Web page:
18th Century North American Jesuit Missionary

Joseph Fromm has an article in Good Jesuit, Bad Jesuit about early Canada, and those Jesuit missionaries who brought the faith to the savages.

In 1744, after spending a year at Loretto, Quebec, in the study of the Huron language, Father Peter Potier, a Jesuit, a Belgian by birth, came to the Detroit River to assist Father Richardie as missionary to the Huron Indians of the south shore, with whom he labored for nearly forty years, or until his death, in 1781. His body rests beneath the nave of the present Church of the Assumption, at Sandwich.

There is no tradition which locates the site of the primitive structure used as a church by Father Richardie, but its successor, which was known far and wide as " The Church of the Hurons," was erected between the years of 1747 and 1750, by Father Potier, on land given the Jesuits by the Indians north-east of the present " Girardot wine- cellar." " The Jesuit Farm " was later known as " The Pratt Farm." Father Potier also built a mission house, and enclosed about four acres of land as a mission garden. The mission house is still standing and habitable. It was a notable landmark until recent years, when it was robbed of its ancient appearance, " stone foundations and tall, stone chimney plastered and whitened on the outside," as recorded in the Relations.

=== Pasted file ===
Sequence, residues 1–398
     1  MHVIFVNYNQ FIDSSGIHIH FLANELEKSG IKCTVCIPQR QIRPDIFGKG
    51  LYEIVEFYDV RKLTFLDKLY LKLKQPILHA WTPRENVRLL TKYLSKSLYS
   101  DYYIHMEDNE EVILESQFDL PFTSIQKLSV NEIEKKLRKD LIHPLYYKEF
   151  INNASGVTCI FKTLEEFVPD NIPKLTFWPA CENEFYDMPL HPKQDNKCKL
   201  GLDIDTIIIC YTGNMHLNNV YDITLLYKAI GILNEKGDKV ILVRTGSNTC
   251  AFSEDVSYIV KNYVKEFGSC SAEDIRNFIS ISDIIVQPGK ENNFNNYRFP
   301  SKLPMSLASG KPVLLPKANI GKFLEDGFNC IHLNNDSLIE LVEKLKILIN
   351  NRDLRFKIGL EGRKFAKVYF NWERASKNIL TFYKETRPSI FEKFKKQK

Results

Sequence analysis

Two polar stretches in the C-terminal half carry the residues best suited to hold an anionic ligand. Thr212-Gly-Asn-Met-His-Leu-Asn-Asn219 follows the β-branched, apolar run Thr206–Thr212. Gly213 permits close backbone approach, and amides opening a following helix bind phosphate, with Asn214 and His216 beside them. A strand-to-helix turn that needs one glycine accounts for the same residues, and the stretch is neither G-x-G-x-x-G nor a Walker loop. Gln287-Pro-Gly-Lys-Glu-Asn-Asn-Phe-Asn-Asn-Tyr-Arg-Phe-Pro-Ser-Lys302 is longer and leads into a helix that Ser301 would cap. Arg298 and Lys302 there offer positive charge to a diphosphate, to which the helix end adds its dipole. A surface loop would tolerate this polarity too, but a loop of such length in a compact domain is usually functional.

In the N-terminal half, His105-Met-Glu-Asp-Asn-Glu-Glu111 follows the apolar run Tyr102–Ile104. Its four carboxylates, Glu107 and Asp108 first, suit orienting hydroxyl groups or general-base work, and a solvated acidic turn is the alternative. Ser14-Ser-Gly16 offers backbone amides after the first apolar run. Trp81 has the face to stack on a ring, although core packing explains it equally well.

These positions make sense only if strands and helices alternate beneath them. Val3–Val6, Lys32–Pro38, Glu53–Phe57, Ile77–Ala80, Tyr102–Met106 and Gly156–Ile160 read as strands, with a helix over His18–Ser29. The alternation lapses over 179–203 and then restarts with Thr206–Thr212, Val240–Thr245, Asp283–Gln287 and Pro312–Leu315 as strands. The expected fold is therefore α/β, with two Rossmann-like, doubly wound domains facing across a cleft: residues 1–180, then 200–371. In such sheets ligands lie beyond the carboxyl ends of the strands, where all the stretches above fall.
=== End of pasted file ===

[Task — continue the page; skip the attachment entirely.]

Thanks and a tip of the beret to Joseph!

Dieu le Roy!
de Brantigny


Joseph Fromm said...

Yet another example of Jesuit missionary zeal. Some times I wish they sold off every university and went back to working in the field and getting their hands dirty.



de Brantigny........................ said...

I have been having my catechists watching the Mission and the week coming up I shall play the Black Robe for them. The orders who have not left their Charism behind are not losing members.

I wonder what St Ignatius would be saying now?